People with diabetes have an increased risk of fractures, which is often underdiagnosed and impacts their mobility as well as their mortality. A new array of treatments and assessments — novel therapeutics, senolytics, revamped prescribing protocols, and more — are needed to better concentrate on diabetic bone disease.
An emerging complication of both type 1 and type 2 diabetes is confounding clinicians and prompting new research into its pathophysiology as well as its prevention and treatment: increased fracture risk as a result of bone fragility. In older adults, this risk is compounded by the risk for falls and fractures inherent to their age.
The proposed mechanism underlying this increased risk in type 1 diabetes is relatively straightforward — because type 1 diabetes commonly manifests in childhood or adolescence before the individual has attained peak bone mass, and the insulin deficiency associated with type 1 diabetes reduces anabolic bone formation, lower overall bone mass results, predisposing the individual to fracture. But the increased risk in type 2 diabetes in individuals with normal bone mass/normal bone mineral density (BMD) poses a seeming paradox (although the risk of hypoglycemia with insulin or sulfonylureas does increase the risk of falls).
Regardless, individuals with either type of diabetes experience 32% more fractures than those without, especially of the hip. That number jumps to a five-fold higher risk in type 1 diabetes alone. Other differences include that atypical femoral fractures as seen with antiresorptive osteoporosis therapy are twice as common in type 1 diabetes, and, in type 2 diabetes, men are more at risk than women for fractures at all sites. The latter finding is as yet unaccounted for but may stem from a negative gender bias with men seeking medical care less frequently or later and having poorer lifestyle habits and a higher prevalence of cardiovascular disease.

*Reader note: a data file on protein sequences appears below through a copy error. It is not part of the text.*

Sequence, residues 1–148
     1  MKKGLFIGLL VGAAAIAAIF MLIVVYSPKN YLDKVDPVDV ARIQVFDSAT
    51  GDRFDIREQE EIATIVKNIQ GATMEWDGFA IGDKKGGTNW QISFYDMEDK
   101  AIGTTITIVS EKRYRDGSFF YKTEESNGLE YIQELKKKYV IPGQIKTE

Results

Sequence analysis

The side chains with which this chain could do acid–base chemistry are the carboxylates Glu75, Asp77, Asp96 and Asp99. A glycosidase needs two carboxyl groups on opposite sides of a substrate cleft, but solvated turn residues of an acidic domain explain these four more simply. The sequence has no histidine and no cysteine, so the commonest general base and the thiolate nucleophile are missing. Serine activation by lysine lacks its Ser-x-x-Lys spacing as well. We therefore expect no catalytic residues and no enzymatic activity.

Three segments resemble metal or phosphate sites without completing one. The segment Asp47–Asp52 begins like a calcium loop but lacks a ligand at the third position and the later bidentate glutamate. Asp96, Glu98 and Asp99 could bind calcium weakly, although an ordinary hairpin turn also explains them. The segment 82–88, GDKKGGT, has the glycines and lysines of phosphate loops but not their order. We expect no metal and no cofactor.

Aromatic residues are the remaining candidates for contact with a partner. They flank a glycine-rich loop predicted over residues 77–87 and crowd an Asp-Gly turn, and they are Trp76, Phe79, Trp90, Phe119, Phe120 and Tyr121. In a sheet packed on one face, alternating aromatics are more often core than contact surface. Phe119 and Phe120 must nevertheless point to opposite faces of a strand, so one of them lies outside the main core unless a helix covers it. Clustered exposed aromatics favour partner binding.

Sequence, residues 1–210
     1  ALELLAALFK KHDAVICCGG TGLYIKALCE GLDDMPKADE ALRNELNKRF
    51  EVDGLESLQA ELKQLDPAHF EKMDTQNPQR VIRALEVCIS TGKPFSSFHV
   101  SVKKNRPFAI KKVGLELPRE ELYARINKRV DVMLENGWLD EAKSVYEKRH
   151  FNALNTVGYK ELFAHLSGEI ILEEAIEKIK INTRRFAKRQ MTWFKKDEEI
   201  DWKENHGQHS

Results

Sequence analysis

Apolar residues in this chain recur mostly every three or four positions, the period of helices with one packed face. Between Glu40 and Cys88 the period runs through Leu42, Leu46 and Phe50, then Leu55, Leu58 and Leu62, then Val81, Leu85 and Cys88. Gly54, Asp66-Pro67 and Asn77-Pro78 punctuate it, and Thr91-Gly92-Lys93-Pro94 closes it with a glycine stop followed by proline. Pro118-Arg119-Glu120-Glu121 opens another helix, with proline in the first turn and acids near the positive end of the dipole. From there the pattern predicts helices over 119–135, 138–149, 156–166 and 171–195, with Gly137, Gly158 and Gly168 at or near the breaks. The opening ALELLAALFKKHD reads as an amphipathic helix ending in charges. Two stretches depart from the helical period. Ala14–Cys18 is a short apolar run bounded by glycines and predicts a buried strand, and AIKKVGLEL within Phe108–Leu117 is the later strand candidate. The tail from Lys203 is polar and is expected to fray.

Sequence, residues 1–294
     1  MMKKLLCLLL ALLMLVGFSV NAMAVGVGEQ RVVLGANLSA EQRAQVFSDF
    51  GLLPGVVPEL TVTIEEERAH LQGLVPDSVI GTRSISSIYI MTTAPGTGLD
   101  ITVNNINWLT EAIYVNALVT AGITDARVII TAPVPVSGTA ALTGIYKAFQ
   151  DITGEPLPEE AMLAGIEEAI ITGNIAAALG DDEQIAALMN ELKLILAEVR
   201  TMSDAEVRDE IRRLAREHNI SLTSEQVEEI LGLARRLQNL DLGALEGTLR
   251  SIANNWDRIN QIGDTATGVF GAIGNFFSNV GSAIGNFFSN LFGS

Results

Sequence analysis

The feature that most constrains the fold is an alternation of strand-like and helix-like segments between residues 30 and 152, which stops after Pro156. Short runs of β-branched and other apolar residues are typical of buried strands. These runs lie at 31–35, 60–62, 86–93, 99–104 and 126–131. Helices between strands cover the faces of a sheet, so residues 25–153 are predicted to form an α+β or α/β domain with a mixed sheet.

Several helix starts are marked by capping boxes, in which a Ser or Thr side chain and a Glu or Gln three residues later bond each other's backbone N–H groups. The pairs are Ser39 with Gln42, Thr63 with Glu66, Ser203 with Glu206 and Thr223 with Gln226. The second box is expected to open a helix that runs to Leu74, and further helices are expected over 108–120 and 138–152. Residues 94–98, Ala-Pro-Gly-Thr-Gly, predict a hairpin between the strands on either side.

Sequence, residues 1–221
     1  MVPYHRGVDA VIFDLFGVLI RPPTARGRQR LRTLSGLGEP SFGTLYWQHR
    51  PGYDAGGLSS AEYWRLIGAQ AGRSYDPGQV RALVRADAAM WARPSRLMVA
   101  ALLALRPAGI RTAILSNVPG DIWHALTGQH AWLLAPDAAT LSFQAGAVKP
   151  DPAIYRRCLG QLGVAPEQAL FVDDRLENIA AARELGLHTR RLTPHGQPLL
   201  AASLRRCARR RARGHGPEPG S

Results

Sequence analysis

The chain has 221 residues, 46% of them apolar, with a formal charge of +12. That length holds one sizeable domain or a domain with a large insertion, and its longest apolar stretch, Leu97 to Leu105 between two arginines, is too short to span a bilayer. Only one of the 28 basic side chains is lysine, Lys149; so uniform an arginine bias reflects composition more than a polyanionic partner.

Further confounding the situation, the gold standard for BMD measurement, dual-energy x-ray absorptiometry (DEXA), does not adequately predict fracture risk in these populations, despite its efficacy in predicting fracture risk in the setting of postmenopausal and male osteoporosis.
To get to the bottom of some of these conundrums, Professor Lorenz C. Hofbauer, MD, of the Universitätsklinikum an der Technischen Universität Dresden, in Germany, and team reviewed existing studies of individual aspects of bone health in diabetes to aggregate findings and offer a clearer overall picture in “Bone fragility in diabetes: novel concepts and clinical implications,” published in January in The Lancet Diabetes & Endocrinology. “In this Review, authors that were all members of the European FIDELIO research consortium took a comprehensive look. This included the massive progress of cell and molecular biology connecting the skeleton and diabetes, the latest imaging techniques, novel biomarkers, and recent clinical trials,” said Hofbauer. FIDELIO stands for “Training network for research into bone Fragility In Diabetes in Europe towards a personaLised medIcine apprOach.”
Pathogenesis of Bone Disease in Diabetes
Even before undertaking their review, Hofbauer and team knew that the areal 2D-measurement of DEXA does not provide precise information about actual bone strength and sought a more tailored approach to assessing and preserving bone health in these individuals. “For example,” says Hofbauer, “some newer high-resolution techniques, such as high-resolution peripheral quantitative computed tomography (HRpQCT), better depict the structural impairment at the cortical and trabecular bone compartments brought on by type 2 diabetes and bone quality aspects in general.”
Histomorphometry in diabetic bone disease reveals a variety of cellular and molecular changes, adds Martina Rauner, PhD, a Dresden-based bone biologist and senior author, including:
• Bone matrix accumulation of advanced glycation end products (AGEs) that render bone less resistant to fractures;
• Increased sclerostin and Dickkopf-1 production that inhibit Wnt signaling and as a consequence bone formation;
• Suppressed osteoblast function, impairing their ability to differentiate;
• Increased pro-inflammatory adipocytes in bone instead of osteoblasts;
• Impaired mechanosensing of osteocytes and thus repair mechanisms leading to accumulation of micro-damage;
• Osteocyte senescence that leads to reduced bone turnover;
• Cortical porosity associated with microvascular damage, leading to bone fragility; and
• Efferocytosis inhibition, leading to accumulation of apoptotic cells and a pro-inflammatory profile.